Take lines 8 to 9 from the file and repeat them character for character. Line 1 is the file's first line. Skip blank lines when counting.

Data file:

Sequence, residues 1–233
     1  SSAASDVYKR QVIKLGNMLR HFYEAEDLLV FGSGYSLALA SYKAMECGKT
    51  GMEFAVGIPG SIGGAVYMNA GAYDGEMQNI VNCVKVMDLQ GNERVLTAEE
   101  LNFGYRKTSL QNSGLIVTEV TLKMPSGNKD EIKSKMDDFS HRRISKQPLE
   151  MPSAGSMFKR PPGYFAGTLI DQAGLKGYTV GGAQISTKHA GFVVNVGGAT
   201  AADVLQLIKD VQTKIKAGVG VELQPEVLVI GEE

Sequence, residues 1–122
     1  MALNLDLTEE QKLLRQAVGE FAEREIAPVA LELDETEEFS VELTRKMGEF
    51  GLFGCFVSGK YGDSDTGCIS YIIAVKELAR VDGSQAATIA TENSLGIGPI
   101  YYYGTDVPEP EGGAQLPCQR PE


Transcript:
     1  MALNLDLTEE QKLLRQAVGE FAEREIAPVA LELDETEEFS VELTRKMGEF
    51  GLFGCFVSGK YGDSDTGCIS YIIAVKELAR VDGSQAATIA TENSLGIGPI